The following day we rode the train for an hour to the cable car that took us up to Montserrat. This had to have been my favorite day so far. We rode the cable car up 1,350 feet to view the beautiful Montastery, where young boys can still attend a school and choir. We rode the Ferniuclar to the top of Montserrat from there and then hiked an hour down the mountain, stopping at little shrines and crosses along the way, enjoying undeniably the most breath-taking view I have ever seen in my life, no exaggeration. Many venders were along the streets back down in the main area offering samples of cheese and honey made directly below the mountain by local famers. After spending the whole day in Montserrat, the whole group ate at la Plaza Real in the restaurant Crema ______? And I tried duck for the first time and was very pleased!

Next stop…Zaragoza y Madrid!

Barcelona Dia 1 y 2

After having been awake since 5:00 am on Saturday, I finally arrived in Barcelona at 7:00 am the previous day (with a 6 hour time difference!).  Navigating a few of Barcelona’s busy streets from then until noon was my first task…along with finding the hotel.  After stopping in and inquiring at four different hotels, seemingly named the same and all having Ramblas in their name, I located my hotel from where my autobus had dropped me off.  Las Ramblas is the street my hotel was located on, one of the most popular streets in Barcelona, where it seems no one ever stops moving.  I settled down with my travel guide and a Jamon and cheese sandwich in a breakfast place a few doors down while I waited for noon to roll around and trying not to fall asleep at the table.

By noon, almost everyone had arrived in Barcelona and the group of us met with the 3 professors in the lobby of the hotel.  Hotels are very different here and are squished in tiny little doorways on busy streets, so they are very narrow.  Our group headed out for a walk around Barcelona to see some of the scenery, as well as entering la Catedral de Barcelona.  The dress code was very strict, shoulders must be covered and knee-length pants.  We heard live music on the steps of the church while we watched locals join in dancing the Sardana together, making a circle and holding hands.  I enjoyed learning about the locals’ lifestyle and how the city is urbanized and the residents live above the shops and restaurants on main roads as well.  We walked down to the marina and were able to see the huge fish that swam in the clear blue water and all of the pine trees lined up against the boardwalk.  Also, I am very impressed by the bike lanes and how commonly used they are.  After a short siesta the group met up and headed to dinner at la Taverna Basca Irati, where we ate Tapas (appetizers/finger-food) of many varieties with wine.  Following dinner we ate Gelato (they are practically everywhere in Barcelona) and then everyone went a street or two off Las Ramblas to enjoy Sangria at the bar with the locals.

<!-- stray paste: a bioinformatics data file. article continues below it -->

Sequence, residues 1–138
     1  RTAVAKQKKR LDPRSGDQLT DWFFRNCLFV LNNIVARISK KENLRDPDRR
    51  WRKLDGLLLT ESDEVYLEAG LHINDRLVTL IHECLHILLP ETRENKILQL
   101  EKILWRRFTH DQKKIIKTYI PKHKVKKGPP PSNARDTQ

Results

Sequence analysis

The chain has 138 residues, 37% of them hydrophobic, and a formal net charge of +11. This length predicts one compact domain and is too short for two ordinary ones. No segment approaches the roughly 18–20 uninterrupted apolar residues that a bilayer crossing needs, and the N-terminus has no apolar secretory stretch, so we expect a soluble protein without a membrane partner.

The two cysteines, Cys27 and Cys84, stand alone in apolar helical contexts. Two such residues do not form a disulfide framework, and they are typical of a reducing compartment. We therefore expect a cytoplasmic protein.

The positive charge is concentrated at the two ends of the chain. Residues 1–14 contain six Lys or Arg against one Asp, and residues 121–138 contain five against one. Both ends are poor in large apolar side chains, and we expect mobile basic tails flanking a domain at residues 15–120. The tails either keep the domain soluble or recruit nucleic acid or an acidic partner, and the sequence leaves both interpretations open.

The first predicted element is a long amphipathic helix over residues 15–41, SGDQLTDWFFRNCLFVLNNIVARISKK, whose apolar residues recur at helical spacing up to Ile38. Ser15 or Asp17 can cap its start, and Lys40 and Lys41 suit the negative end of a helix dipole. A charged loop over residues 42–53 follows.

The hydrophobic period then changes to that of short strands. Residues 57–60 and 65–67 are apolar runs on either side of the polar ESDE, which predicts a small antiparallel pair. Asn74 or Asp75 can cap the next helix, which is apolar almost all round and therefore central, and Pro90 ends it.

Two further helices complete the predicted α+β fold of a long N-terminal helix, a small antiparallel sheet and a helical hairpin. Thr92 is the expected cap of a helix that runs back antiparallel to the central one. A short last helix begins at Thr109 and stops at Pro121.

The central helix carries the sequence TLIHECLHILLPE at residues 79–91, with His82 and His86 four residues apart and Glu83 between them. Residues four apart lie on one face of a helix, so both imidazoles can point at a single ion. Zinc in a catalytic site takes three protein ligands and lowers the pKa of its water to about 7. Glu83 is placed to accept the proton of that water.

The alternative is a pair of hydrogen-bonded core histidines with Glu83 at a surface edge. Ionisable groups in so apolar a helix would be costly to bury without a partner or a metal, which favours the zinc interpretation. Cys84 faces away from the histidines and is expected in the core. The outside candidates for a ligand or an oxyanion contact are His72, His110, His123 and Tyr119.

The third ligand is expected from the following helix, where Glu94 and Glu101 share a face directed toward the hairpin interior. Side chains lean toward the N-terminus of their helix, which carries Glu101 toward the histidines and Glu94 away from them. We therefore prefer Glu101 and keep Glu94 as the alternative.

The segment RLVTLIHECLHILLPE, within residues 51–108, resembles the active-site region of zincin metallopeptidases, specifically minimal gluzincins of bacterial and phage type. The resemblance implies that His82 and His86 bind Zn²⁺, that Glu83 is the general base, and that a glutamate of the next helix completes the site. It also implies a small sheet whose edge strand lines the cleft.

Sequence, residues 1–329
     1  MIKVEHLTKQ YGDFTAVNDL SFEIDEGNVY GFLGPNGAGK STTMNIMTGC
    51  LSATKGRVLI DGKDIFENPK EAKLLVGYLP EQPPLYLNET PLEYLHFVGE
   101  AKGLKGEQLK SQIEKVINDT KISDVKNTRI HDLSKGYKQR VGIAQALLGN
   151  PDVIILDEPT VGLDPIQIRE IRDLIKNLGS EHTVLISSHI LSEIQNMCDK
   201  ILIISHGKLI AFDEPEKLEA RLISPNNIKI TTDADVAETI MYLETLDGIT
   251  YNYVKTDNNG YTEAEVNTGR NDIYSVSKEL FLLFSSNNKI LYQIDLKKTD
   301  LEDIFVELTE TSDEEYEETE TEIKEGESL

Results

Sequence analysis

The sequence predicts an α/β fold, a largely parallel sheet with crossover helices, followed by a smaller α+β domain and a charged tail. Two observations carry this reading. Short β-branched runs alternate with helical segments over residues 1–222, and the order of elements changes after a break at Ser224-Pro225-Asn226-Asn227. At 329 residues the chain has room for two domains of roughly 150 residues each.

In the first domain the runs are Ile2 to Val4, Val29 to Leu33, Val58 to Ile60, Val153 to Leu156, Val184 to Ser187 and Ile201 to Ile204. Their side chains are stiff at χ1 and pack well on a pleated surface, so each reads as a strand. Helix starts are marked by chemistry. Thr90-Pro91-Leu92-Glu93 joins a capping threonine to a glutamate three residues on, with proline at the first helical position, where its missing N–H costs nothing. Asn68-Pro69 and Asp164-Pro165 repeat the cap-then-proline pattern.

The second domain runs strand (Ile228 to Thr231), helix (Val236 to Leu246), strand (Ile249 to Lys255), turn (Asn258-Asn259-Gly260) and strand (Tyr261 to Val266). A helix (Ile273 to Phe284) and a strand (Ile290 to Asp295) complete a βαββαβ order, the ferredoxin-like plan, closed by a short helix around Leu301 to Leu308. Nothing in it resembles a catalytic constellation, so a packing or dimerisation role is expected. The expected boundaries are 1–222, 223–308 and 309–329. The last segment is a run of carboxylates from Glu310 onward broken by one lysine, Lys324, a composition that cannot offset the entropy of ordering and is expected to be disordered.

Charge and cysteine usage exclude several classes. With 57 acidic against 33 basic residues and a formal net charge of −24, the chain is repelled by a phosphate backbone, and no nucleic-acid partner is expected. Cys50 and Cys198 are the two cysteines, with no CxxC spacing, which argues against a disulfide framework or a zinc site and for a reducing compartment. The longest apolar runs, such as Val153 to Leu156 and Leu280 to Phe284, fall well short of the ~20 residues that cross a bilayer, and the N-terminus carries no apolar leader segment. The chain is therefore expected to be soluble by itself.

Today we had breakfast at the hotel, they eat lots of bread and pastries over here, and then we headed to a plaza to begin our Fat Bike Tour around Barcelona.  It was a four hour leisurely bike ride seeing sites around Barcelona such as the beach, the Arc de triomphe, a park, and La Sagrada Familia.  The beach was man-made and created only for the Olympics.  They brought in tons and tons of sand from the Sahara dessert, and do annually, and they also brought over palm trees from Hawaii because they do not naturally occur here.  La Sagrada Familia is a church that Gaudi designed to take 200 years to build.  It is still under construction and is predicted to be finished by 2026.  It was beautiful and intricate and displays scenes from the Nativity and also from the death of Christ on it’s outer walls.  Gaudi’s crypt is also on the lower floor of the church.  We had lunch outside in the middle walk of Las Ramblas and had Paella.  Later today we took the subway back to La Sagrada Familia and toured.  Most took the subway back to the hotel afterwards, except one spanish professor, two students, and I, who walked the 40 minutes back to the hotel in order to see the modern and newer side of the city, and Gracia street which had high-end shops and more of the locals.  It was nice to see a side of town that was less touristy.  Dinner was served back at the hotel and lasted from 8 pm to 10 pm, no less. People here very much enjoy sitting at the table and not rushing their meals, as well as eating really late at night.  But the whole scene is starting to become very comfortable as we get adjusted to how everything runs here.  Now we are turning in, because a full day is in for us tomorrow, including picnics, churches, and maybe a little shopping!